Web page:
Prior to 2011, the Bureau of Reclamation operated a moveable gate diversion dam across the Sacramento River to feed the Tehama-Colusa Canal. When the gates were down on the dam, the pool upstream of the dam raised to allow water to spill into the Tehama-Colusa Canal for irrigation to farmland. During this period between June 15 and September 1 of each year, the dam prevented the upstream migration of fish – including several endangered species. Since new environmental regulations prohibited use of the gates after 2011, the Bureau of Reclamation devised an alternative method of delivering water to the 1,500 family farms downstream through the Tehama-Colusa Canal – and hired Balfour Beatty to build it.
Balfour Beatty constructed a 1,150-foot by 35-foot fish screen consisting of a concrete slab, walls and deck that support stainless steel screens that are environmentally friendly to fish. Directly behind the fish screens, a large forebay was excavated, leading to a new pumping plant with 95 MGD capacity. This pumping plant provides the ability to draw water from the Sacramento River during irrigation season and push it to the Tehama-Colusa Canal.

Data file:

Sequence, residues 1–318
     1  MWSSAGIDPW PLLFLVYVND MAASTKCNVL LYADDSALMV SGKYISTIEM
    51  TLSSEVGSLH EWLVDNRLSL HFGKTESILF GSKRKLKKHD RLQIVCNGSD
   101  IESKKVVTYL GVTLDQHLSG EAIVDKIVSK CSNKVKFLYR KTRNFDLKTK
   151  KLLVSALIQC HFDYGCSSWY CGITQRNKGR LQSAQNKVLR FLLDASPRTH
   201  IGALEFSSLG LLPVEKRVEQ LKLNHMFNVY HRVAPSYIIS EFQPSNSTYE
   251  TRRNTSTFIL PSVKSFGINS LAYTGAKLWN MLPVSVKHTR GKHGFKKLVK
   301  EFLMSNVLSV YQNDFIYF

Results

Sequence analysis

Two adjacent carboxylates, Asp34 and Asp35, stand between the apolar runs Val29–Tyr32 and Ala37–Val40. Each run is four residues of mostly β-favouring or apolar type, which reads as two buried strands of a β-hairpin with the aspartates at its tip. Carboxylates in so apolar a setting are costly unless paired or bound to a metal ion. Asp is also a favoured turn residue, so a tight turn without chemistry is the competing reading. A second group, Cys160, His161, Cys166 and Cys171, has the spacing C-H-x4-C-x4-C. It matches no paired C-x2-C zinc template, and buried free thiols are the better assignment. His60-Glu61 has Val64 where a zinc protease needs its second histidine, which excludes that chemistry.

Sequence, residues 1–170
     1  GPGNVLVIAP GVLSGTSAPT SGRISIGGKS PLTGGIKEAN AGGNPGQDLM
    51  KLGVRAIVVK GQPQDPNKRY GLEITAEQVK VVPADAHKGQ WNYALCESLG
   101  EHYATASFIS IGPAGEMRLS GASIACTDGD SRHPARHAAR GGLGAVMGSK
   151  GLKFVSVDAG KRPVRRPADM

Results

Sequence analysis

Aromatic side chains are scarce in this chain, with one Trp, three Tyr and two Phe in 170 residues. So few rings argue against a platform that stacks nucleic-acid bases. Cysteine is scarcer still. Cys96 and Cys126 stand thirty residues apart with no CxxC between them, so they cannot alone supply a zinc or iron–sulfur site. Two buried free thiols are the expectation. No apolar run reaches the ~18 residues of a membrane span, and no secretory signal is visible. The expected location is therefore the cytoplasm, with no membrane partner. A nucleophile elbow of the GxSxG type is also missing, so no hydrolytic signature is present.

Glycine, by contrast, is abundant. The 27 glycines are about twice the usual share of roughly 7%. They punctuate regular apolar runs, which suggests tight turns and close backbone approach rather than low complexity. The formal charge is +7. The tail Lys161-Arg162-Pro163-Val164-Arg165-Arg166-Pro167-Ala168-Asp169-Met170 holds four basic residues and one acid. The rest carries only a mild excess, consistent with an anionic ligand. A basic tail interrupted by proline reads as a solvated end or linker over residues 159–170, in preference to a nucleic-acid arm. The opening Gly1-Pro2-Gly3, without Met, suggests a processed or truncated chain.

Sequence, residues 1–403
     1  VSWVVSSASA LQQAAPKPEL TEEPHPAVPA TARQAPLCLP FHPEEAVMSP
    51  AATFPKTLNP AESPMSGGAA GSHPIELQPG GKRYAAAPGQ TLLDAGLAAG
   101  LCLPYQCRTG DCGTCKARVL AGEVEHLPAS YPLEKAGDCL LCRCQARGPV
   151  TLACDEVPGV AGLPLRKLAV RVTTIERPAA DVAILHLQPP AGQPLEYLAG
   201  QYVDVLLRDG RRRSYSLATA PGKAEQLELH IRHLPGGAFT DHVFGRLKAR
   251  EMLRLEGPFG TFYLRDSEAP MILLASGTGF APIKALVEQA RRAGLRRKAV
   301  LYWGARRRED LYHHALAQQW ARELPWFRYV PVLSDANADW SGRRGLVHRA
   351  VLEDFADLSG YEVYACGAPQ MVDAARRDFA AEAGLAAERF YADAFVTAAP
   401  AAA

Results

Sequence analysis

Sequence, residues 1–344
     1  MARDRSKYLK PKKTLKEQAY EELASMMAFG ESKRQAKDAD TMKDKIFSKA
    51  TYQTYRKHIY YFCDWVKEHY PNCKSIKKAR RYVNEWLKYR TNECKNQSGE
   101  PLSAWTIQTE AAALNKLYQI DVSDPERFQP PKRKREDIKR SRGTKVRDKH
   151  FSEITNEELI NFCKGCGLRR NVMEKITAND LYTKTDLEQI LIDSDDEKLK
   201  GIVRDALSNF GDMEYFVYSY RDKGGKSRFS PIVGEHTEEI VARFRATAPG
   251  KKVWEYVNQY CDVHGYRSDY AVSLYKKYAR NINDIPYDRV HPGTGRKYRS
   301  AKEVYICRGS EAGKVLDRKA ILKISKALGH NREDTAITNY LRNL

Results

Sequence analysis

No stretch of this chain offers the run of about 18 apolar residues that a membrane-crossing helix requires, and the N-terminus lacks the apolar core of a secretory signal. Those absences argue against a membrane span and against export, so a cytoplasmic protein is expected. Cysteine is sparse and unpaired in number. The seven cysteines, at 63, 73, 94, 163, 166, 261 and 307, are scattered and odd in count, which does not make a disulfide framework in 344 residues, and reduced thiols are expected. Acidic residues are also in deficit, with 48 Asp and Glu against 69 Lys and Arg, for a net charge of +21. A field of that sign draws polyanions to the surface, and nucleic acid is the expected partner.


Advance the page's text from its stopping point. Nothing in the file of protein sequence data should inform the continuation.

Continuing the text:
The Red Bluff Pumping Plant and Fish Screen were completed in September 2012 to replace the Red Bluff Diversion Dam and improve fish passage conditions on the Sacramento River at Red Bluff, CA. The facility includes a 1,118-foot-long flat-plate fish screen, intake channel, 2,500-cubic-feet-per-second (cfs) capacity pumping plant and discharge conduit to divert water from the Sacramento River into the Tehama-Colusa and Corning canals.
The pumping plant:
- Allows the Red Bluff Fish Screen to be operated in a manner that allows unimpeded upstream and downstream passage for five runs of listed salmon species and the green sturgeon.
- Alleviates a long-standing fish passage concern.
- Provides irrigation water to approximately 150,000-acres of high-value cropland with an economic benefit of an annual average of over $1 billion.
- Provides 2,000-cfs initially, with capability for adding pumps to deliver 2,500-cfs, which is the full capacity of the canals.